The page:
Whether there is a general allometry law across plant species with different sizes and under different environment has long been a focus in ecology1,2,3,4,5,6, and a number of hypotheses have been proposed to explore the underlying mechanisms. One group of hypotheses are based on assumptions of basic biophysical constraints on plant allometries and have provided testable predictions on scaling exponents (Table 1), including physical models (geometric7, elastic and stress similarity8,9) and biophysical ones (metabolic scaling theory, MST)5,10,11. The physical models consider some physical and geometric constraints of plants, such as isometrical scaling of organ length and radius (geometric similarity7), margin of safety of branches against mechanical failure (elastic similarity8,9) or the stress produced by wind pressure along the stem (stress similarity8,9). On the other hand, MST further considers biological constraints (e.g. maximization of metabolic rate) and predicts far more relationships than physical models. MST first proposed a model for tree allometries (MSTt, hereafter)5,11. However, subsequent MST studies demonstrated that the predictions for small plants (MSTs) should be different. This is because small plants (e.g. herbs) lack some key features of trees: high stature, branching networks with a large number of branchings12,13,14, and large amounts of secondary xylem15. For instance, for small plants MST predicted that (Table 1): H (height) D (Diameter), ML (leaf mass) MS (stem mass), MA (aboveground mass) D3 and MAH3 (for details, see Appendix 1).

Table 1 Testing the predicted allometric exponents of five biophysical models, using log-transformed data and standard major axis (SMA) regression.

These models are important in exploring the general allometric laws for plants5,11,16,17,18 and have attracted many research interests (especially MST). However, these models have also been controversial6,18,19,20,21,22. Thus further tests are still needed across species groups and regions, and some limitations in previous tests require attention. First, each model makes predictions for multiple allometric relationships (Table 1), which theoretically need to be tested simultaneously. However, many studies have tested only one or two predicted exponents of the models, which may lead to bias in rejecting the models18. Second, most tests have been conducted using data from trees5,9,20,23. Although some studies have tested MST with data including plants from herbs to large trees15,22,24,25, allometry data for shrubs are still rather limited compared with trees26.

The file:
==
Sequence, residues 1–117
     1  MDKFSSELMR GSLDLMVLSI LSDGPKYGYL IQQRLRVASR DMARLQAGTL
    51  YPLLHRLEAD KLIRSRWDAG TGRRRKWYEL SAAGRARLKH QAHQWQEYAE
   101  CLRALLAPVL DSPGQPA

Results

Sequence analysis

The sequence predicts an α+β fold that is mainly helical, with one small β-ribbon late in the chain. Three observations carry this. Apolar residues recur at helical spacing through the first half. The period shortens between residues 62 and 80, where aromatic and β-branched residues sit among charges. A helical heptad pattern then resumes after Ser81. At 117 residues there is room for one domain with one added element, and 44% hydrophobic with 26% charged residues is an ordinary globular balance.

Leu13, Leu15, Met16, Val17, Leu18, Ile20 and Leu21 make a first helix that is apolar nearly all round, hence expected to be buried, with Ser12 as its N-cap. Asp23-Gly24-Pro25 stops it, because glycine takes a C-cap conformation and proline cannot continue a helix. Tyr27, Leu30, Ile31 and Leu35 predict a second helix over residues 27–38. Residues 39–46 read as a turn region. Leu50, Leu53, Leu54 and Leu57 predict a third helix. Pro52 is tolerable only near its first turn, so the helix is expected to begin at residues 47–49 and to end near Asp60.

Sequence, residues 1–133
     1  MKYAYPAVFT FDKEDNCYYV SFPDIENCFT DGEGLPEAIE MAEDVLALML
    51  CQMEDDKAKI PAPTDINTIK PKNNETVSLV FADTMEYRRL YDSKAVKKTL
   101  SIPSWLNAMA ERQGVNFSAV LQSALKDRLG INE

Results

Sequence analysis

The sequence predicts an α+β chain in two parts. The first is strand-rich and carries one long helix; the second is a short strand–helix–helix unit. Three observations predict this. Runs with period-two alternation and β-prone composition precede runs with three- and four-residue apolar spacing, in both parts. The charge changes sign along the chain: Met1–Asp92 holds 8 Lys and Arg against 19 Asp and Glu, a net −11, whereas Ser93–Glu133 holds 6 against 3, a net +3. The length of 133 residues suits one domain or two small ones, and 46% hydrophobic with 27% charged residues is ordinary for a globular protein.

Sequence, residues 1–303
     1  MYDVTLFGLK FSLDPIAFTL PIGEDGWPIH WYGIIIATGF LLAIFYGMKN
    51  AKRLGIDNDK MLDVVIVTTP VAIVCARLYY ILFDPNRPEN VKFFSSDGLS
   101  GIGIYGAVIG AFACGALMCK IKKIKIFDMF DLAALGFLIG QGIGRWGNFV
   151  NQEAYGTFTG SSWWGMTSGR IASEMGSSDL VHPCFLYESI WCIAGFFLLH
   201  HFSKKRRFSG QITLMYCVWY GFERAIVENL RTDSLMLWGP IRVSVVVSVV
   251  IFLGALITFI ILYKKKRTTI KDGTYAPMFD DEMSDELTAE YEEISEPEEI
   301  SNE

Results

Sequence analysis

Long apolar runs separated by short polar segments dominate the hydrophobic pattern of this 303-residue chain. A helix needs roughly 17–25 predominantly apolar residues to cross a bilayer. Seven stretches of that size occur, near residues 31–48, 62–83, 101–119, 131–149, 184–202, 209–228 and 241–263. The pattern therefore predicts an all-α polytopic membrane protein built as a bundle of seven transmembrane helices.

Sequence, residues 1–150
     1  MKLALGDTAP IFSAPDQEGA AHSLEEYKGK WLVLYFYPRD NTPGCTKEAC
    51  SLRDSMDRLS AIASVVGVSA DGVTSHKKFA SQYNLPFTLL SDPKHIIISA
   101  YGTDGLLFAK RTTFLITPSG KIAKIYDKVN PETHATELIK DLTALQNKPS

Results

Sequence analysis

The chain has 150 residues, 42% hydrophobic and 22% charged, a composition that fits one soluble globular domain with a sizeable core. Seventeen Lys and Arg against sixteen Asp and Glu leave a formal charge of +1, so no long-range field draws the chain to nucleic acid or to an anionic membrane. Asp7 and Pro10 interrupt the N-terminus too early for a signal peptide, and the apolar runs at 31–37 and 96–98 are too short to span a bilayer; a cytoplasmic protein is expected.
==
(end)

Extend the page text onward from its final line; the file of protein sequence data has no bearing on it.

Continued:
Shrubs are particularly useful to test these models and to examine the size-dependence of plant allometries. On one hand, shrubs differ from herbs in that they have well-developed secondary xylem; thus they may support MSTt. On the other hand, shrubs differ from trees in that they typically have lower numbers of branches because of low stature (the finite size effects12), so they may support MSTs. Some studies have suggested that the elastic and stress similarity models were suitable for trees while geometric similarity suitable for small plants (though there is still no consensus)8,27,28. Since the stature of shrubs is more similar to herbs than trees and MST suggests that the finite size effects are important for plant allometries12,29, we predicted that our shrub data will provide more supports to MSTs and the geometric similarity model, instead of MSTt, elastic similarity or stress similarity.

In contrast to biophysical models that predict a single exponent for each relationship (Table 1), another group of studies have related allometries to environmental gradients and suggested that allometric exponents change markedly with climate and site quality21,23,30,31. For instance, the allometric exponent between mean tree height and mean biomass per stem (commonly used to test MSTt16,17) was found to be significantly affected by climate and dominant species in northeast China32. The scaling exponent of individual tree diameter with height has also been found to vary remarkably along climate gradients2,23,30,31. Meanwhile, the extent to which phylogeny affects allometric exponents is also controversial. The supporters of MST showed that allometric exponents do not differ much across a wide range of phylogenetic affiliations from herbs to trees4,16,33,34,35. However, others have found that allometric exponents differ among phylogenetic groups, species, and even intra-specifically18,21,23,31. Thus, the influence of climate and phylogeny on plant allometries still needs further examination.

Few studies have examined allometries of forest shrubs in relation to large climatic gradients. In this study, we sampled shrubs along the altitudinal gradient of Mt. Changbai in northeast China to examine three questions as follows: (1) Does shrub allometry conform to MSTs and geometric similarity rather than MSTt, elastic similarity or stress similarity? We tested these models with four allometric relationships simultaneously: height vs. stem diameter, leaf vs. stem biomass, aboveground biomass vs. height and vs. diameter. (2) Are shrub allometric exponents strongly affected by climate gradients and phylogeny (as observed by previous studies on trees), or only slightly affected as predicted by MST? If the latter is true, this may suggest biophysical constraints plays an important role in shaping the allometries of forest shrubs.